García Márquez's last book was published against his wishes

Gabriel García Márquez's latest book was published on Wednesday, what would have been the Colombian author's 97th birthday. Marquez died nearly a decade ago and Un agusto nos famosUntil August In English – it is published against his wishes. His children say he ordered them to destroy the manuscript because it made no sense, but the author suffered from dementia in the last years of his life and had difficulty even recognizing his earlier works. “We concluded that the book, even though it was not finished, made a lot of sense and was very moving,” says Rodrigo Garcia, his eldest son. NPR. “When he said it didn't make sense, he didn't realize it didn't make sense to him anymore.”

The book was released in Spanish on Wednesday. The English version will be released on March 12. Screenwriter Rodrigo Garcia says that when he revisited the book with his younger brother Gonzalo Garcia, it was much better than they remembered. Editor Cristobal Pera, who worked with García Márquez on his memoir, worked on six drafts of the book, including one marked “Gran OK Final.” He says: “He had many notes in the margins, but the novel was complete.” “All the characters, everything.” Pena says that not a single word was added that did not appear in the notes or in any of the author's drafts. He says Until August— which, unlike the author's previous work, features a strong female protagonist — is a “stunning work of art” and he agrees with the brothers' decision to publish it.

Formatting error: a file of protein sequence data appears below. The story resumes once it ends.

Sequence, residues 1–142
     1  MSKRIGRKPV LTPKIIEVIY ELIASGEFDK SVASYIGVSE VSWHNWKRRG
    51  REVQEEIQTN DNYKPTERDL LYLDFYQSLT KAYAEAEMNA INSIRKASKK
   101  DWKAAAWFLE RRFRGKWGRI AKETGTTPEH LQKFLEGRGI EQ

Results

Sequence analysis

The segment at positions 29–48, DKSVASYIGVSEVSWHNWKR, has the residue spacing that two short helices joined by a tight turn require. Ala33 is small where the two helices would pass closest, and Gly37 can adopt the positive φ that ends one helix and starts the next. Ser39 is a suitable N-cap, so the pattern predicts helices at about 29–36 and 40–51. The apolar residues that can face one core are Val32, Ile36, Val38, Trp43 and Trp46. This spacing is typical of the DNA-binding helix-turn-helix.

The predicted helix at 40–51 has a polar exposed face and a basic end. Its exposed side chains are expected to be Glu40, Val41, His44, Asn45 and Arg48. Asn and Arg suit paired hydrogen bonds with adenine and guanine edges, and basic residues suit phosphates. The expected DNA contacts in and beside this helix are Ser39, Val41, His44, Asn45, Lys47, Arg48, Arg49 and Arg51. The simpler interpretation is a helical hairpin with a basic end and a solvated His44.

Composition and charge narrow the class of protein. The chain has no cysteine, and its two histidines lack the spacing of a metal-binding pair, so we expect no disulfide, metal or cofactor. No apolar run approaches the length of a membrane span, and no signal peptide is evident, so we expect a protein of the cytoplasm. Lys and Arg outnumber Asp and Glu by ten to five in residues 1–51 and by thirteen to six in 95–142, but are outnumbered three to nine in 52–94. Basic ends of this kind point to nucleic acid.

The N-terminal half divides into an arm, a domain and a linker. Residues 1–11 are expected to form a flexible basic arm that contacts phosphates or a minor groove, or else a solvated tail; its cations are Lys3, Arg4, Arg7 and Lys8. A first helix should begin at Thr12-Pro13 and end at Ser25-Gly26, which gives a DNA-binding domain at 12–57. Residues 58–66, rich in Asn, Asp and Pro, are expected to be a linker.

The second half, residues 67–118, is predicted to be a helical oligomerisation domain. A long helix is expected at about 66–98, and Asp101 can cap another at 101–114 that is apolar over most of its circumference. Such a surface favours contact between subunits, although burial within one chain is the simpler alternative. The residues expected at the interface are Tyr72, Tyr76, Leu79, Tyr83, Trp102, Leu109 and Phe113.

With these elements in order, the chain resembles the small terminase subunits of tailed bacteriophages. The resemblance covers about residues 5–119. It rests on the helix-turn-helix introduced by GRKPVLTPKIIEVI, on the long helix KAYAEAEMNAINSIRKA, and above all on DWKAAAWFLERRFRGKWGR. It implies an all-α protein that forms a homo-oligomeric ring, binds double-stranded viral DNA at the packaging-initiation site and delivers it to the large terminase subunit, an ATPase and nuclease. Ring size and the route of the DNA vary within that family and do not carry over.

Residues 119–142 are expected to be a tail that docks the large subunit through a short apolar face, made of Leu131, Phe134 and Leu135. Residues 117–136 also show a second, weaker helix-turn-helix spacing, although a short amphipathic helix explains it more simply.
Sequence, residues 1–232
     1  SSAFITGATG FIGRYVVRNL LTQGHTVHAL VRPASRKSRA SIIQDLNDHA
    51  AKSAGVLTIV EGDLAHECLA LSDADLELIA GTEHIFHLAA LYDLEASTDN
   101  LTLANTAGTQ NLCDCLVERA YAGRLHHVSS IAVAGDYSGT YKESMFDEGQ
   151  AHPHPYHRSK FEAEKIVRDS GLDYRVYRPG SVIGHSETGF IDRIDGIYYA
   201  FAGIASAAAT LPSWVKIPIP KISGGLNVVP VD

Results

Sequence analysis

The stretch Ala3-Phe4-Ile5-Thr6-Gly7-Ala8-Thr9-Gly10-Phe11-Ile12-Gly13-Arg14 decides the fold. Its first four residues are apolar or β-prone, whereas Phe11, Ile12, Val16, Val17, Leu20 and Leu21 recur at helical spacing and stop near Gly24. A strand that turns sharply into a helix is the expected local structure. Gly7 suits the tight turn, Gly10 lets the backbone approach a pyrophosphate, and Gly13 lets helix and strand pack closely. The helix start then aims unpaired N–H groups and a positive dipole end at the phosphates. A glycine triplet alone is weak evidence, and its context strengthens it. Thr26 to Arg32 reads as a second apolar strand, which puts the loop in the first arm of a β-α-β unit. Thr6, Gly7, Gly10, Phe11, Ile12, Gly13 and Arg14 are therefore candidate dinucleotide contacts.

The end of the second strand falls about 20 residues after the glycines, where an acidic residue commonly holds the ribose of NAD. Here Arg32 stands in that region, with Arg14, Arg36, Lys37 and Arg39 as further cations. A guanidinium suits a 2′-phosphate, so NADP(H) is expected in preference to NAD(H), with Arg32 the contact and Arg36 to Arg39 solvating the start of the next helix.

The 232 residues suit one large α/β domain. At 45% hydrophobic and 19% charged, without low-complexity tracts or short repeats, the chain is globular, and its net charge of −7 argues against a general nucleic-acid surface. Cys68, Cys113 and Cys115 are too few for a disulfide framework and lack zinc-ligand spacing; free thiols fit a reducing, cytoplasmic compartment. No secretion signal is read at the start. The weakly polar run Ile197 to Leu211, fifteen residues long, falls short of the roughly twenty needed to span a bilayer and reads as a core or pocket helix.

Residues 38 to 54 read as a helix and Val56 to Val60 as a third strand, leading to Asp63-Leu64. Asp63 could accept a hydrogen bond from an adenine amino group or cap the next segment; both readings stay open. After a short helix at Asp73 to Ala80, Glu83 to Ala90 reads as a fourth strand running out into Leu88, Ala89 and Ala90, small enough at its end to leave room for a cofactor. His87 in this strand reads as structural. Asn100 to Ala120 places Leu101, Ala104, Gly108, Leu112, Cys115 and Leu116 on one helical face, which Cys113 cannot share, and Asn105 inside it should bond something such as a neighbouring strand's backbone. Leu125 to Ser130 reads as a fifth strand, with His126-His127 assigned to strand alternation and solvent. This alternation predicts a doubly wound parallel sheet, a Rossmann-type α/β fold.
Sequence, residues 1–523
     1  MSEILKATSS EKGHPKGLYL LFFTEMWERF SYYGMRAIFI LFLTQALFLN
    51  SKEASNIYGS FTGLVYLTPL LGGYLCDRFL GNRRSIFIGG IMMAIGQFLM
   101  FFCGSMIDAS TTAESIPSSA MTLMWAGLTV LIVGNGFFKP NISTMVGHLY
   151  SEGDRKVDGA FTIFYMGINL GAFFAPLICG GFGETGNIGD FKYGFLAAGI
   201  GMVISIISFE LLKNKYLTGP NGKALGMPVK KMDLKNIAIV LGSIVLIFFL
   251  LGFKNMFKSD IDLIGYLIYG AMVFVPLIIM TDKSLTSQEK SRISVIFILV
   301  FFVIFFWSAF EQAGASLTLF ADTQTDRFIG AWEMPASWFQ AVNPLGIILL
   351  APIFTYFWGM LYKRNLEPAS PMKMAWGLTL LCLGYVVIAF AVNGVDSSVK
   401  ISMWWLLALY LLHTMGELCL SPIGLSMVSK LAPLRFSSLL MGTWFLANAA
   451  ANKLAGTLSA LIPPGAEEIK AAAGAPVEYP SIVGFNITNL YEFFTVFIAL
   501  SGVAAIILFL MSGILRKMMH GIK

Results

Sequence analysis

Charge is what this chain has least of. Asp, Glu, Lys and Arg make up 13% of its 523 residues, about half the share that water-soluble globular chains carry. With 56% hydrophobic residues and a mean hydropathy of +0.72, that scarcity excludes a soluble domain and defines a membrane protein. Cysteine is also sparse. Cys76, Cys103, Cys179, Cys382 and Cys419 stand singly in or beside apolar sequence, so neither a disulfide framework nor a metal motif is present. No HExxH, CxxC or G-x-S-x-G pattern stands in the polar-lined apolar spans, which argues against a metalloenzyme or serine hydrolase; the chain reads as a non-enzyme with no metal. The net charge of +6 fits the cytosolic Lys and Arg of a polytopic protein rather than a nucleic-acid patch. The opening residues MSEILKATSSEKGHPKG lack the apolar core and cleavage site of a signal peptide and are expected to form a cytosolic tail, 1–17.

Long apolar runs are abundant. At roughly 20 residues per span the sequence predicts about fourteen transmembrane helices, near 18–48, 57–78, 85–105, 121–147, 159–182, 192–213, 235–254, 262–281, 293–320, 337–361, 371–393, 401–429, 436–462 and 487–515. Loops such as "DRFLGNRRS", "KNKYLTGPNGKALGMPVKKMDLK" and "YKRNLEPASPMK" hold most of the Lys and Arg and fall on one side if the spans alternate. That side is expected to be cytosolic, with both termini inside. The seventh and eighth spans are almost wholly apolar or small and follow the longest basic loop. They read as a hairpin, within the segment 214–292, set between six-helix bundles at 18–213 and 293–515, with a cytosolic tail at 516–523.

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Publisher Penguin Random House describes the book as “a profound meditation on freedom, regret, self-transformation, and the mysteries of love.” CNN Reports. The brothers say their father routinely destroyed unfinished manuscripts throughout his career leaving nothing else to publish. In the introduction to Until AugustThey wrote that they hoped their father would forgive them if readers liked the book. the The New York Times He points out that there are many other examples of works published posthumously against the authors' wishes, including much of Franz Kafka's work. Says Colombian novelist Hector Abad timethat he was skeptical about the decision to publish until he read an advance copy. (More Gabriel García Márquez stories.)

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